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Letter to the editor on “the implementation research logic model: a method for planning, executing, reporting, and synthesizing implementation projects” (Smith JD, Li DH, Rafferty MR. the implementation research logic model: a method for planning, executing, reporting, and synthesizing implementation projects. Implement Sci. 2020;15 (1):84. Doi:10.1186/s13012-020-01041-8)

The Original Article was published on 25 September 2020

We write in response to the paper published by J.D. Smith and colleagues titled “The Implementation Research Logic Model” [1]. In that paper, Smith and colleagues describe an innovative logic model whose core purpose is to specify the relationships between determinants, strategies, and outcomes in an implementation project and provides an explicit description of the mechanism(s) linking selected strategies and outcomes. This chain of relationships helps support selection of strategies, a critical step described in many process models guiding implementation practice, and implementation research. The form of logic model described in their paper, and the methods they describe to use this model, represents important progress in this difficult and complicated area of systematic implementation.

A central premise of their paper is that inadequate specification of implementation strategies leads to obfuscation in “identifying the factors responsible for successful implementation and prevents learning from what contributed to failed implementation.” We agree—but note that this is precisely the function of “determinants” frameworks in Nilsen’s seminal 2015 paper [2]. The inductive approach used to develop the “Implementation Research Logic Model” yielded a very helpful tool, but one which is perhaps still not fully developed, and may not provide enough guidance to move the field forward to the essential point of how to link between determinants that have been assessed as extant and important, and strategies to overcome (in the case of negative determinants or barriers), or enhance them (in the case of positive determinants or facilitators).

The possible missing link may be the causal mechanisms of the determinants, which provides the same underlying theory logic for the determinants. The theories of change referred to in Smith et al. and demonstrated in Lewis et al. [3] require a theory-derived understanding of what causes a determinant to exist in the first place, which then logically should link to a strategy that will be effective in overcoming it; Smith and colleagues allude to this but do not include determinant causal mechanisms in their models. As proposed, and demonstrated, in the Smith et al. paper, a logical leap is still required between assessing a determinant and proposing a strategy. This can be filled through brainstorming, or other approaches, and a wide variety of stakeholders (researchers, clinicians, community members) can participate. A set of unstated causal mechanisms underlying the assessed determinants is likely to be implicit in these approaches. We argue that it is essential to make both the causal mechanisms of the determinants and the mechanisms of action of the strategies, which are included in the Smith et al. paper.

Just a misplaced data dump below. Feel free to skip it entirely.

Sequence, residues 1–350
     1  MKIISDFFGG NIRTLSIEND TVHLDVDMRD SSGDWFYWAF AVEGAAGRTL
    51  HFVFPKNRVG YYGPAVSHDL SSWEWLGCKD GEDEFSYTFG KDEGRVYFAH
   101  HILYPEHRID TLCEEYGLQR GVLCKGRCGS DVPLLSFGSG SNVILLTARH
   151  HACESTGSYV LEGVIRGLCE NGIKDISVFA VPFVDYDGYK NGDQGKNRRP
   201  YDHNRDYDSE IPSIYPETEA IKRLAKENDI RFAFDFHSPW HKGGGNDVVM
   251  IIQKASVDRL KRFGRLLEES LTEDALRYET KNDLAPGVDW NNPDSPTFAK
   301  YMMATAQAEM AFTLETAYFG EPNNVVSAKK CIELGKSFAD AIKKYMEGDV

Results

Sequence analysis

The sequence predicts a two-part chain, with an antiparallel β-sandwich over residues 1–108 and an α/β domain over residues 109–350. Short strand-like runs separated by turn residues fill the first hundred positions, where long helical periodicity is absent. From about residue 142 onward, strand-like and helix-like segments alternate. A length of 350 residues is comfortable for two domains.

This discussion points out an important gap in our existing literature. As yet, despite the large number of existing frameworks in implementation and/or dissemination sciences [4, 5], none explicitly nominate either causal mechanisms for determinants or the mechanisms of action for strategies.

We believe that further development of the science of implementation requires, urgently, that mechanisms of action for all implementation strategies be proposed, disseminated, and discussed, those already cataloged in existing frameworks (such as in the ERIC project [6]).

As a corollary, existing and future determinants cataloged in frameworks need to include proposed causal mechanisms. We would add to the short list of determinants cited by Smith et al. another, more recent consolidated checklist or framework, which incorporates key elements of both of these older frameworks, the Tailored Implementation for Chronic Diseases checklist or framework [7]. Derived from systematic review of 12 prior determinants models or frameworks, this consolidation provides an excellent starting point for developing causal mechanisms for determinants.

We applaud the insights in the Smith et al. paper. Our proposed changes simply extend their important work by adding important elements to address the problem of how to use existing knowledge to select implementation strategies, a long-standing area of confusion and complexity in understanding the practice, and the science, of implementation.

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References

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AES, DPB, and VCR all contributed equally to conceptualizing, drafting, reviewing, and approving this letter.

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Correspondence to Anne E. Sales.

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Sales, A.E., Barnaby, D.P. & Rentes, V.C. Letter to the editor on “the implementation research logic model: a method for planning, executing, reporting, and synthesizing implementation projects” (Smith JD, Li DH, Rafferty MR. the implementation research logic model: a method for planning, executing, reporting, and synthesizing implementation projects. Implement Sci. 2020;15 (1):84. Doi:10.1186/s13012-020-01041-8). Implementation Sci 16, 97 (2021). https://doi.org/10.1186/s13012-021-01169-1

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